This checklist by Kelly N. Robertson and Lori Wingate provides suggestions for the content and organization of long-form evaluation reports that are concise, easy-to-understand, and easy-to-navigate. The checklist is not a rigid set of requirements, but rather a compilation of suggestions based on evaluation literature, the authors’ experience, and input from experts. It will be useful for those who are new to writing evaluation reports, but also as a refresher to those who are more experienced in the genre.
Authors and their affiliationKelly N. Robertson & Lori A. Wingate
Year of publication
Type of resource
This resource contains a summary of a key features found in most evaluation reports, presented as both a quick checklist as well as more detailed sections with more information and guidance on completing each section. It also contains a useful list of tips for presenting content effectively, and a resource list with a number of useful resources for report writing and formatting, and evaluation planning.
Who is this resource useful for?
- Commissioners/managers of evaluation;
- Those involved in evaluation capacity strengthening
How have you used or intend on using this resource?
I recently recommended this to a colleague who is new to the field of evaluation and comes from an academic background. This resource was useful to demonstrate what the key elements of the final reporting would be so that he can bring this knowledge into his planning.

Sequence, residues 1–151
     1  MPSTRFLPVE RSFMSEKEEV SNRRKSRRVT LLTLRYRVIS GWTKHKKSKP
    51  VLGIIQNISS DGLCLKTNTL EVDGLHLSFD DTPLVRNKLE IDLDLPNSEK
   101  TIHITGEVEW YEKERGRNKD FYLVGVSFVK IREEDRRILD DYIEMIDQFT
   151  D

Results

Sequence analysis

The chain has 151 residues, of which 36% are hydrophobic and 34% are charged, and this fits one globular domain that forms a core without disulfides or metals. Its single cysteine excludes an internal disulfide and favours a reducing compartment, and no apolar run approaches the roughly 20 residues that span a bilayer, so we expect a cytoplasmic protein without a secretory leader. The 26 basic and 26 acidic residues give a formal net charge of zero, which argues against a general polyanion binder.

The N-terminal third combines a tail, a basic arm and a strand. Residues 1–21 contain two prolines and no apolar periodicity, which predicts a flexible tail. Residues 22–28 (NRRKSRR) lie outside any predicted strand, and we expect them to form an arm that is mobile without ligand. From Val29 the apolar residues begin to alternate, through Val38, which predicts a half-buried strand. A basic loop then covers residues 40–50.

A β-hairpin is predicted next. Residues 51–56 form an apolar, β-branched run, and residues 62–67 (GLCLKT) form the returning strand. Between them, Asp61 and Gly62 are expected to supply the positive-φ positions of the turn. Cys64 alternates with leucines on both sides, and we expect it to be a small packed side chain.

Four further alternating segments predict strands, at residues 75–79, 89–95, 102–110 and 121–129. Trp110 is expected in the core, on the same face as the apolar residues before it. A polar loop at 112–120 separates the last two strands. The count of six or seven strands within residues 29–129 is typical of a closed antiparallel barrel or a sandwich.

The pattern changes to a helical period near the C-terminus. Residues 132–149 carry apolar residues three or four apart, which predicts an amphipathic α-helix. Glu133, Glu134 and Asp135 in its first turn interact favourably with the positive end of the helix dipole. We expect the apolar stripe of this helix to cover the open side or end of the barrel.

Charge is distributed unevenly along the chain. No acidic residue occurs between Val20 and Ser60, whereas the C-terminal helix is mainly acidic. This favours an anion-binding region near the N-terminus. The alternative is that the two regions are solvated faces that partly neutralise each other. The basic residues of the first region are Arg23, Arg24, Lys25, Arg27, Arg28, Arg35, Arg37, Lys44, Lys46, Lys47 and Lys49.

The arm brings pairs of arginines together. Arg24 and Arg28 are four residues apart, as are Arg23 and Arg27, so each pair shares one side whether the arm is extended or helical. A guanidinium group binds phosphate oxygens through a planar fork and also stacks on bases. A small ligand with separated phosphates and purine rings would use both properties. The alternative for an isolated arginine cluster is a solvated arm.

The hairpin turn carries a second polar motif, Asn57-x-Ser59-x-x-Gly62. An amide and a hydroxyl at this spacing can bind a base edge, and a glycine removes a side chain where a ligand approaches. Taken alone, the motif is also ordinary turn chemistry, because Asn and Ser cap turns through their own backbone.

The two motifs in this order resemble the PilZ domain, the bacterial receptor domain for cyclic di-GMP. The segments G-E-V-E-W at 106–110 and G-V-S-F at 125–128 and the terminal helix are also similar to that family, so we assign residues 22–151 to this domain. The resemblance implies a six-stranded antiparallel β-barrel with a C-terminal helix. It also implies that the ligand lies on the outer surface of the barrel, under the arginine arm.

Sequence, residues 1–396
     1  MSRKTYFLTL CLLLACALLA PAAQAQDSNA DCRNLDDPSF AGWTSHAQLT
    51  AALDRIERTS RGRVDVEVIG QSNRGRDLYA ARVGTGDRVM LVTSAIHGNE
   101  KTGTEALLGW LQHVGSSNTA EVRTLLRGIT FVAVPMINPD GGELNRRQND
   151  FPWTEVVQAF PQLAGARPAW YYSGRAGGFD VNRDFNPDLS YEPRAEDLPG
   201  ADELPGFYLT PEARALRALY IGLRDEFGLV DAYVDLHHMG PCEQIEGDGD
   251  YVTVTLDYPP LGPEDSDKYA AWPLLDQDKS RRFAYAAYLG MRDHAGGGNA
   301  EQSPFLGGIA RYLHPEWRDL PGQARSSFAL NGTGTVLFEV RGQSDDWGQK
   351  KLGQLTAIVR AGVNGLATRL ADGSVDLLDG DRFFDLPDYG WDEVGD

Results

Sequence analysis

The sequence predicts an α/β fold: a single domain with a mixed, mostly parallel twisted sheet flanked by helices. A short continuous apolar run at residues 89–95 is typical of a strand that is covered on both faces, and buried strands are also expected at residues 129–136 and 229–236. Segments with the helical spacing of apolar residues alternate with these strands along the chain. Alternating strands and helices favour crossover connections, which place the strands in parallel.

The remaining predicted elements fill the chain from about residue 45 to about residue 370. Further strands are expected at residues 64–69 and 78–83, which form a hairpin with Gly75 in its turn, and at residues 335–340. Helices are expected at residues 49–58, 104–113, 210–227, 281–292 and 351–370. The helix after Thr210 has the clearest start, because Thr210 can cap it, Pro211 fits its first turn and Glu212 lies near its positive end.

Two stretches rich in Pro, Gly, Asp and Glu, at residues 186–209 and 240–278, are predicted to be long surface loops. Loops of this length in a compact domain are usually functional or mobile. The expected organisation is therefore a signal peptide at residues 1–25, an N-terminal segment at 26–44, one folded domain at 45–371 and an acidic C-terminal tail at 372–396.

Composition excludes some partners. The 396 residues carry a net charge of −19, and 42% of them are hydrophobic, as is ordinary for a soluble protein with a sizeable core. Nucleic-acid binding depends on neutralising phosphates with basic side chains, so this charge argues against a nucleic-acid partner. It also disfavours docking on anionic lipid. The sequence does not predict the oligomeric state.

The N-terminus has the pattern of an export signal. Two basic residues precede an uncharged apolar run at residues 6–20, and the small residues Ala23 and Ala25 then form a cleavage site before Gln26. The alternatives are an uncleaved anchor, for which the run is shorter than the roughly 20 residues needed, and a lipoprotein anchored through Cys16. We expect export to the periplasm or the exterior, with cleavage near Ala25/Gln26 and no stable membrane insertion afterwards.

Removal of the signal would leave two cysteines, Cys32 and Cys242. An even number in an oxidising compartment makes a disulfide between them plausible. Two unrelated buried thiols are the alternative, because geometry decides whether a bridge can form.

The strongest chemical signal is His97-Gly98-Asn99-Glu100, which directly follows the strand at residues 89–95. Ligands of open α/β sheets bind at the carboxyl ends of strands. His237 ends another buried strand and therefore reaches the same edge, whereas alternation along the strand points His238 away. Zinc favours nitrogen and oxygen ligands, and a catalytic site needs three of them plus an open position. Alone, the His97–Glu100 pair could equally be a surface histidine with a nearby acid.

After coming across this, I will probably return to this myself when I next have to work on a report, both as a checklist to make sure that nothing we need to include has been forgotten, and for the tips on style and suggested length of particular sections, which will hopefully act as a prompt to ensure my reports are more accessible and reader-friendly.
Why would you recommend it to other people?
I think this list is going to be a really useful starting point for a lot of people new (or new-ish) to evaluation. The content itself is quick and easy to read but also feels thorough, and it has a number of tips to help your evaluation findings get read and used. The resource list is also a reason to recommend it - I was actually trying to find two different resources to share with a colleague, Stephanie Evergreen's Evaluation Report Layout Checklist and Wingate and Schroeter's Evaluation Questions Checklist, both of which are linked at the bottom of this document, along with a number of other useful resources.
Robertson, K. N. and Wingate, L. A. (2016) Checklist for Straightforward Evaluation Reports. Version 1.1, December 2016. Retrieved from: http://www.evalu-ate.org/wp-content/uploads/formidable/14/Reporting-Chec...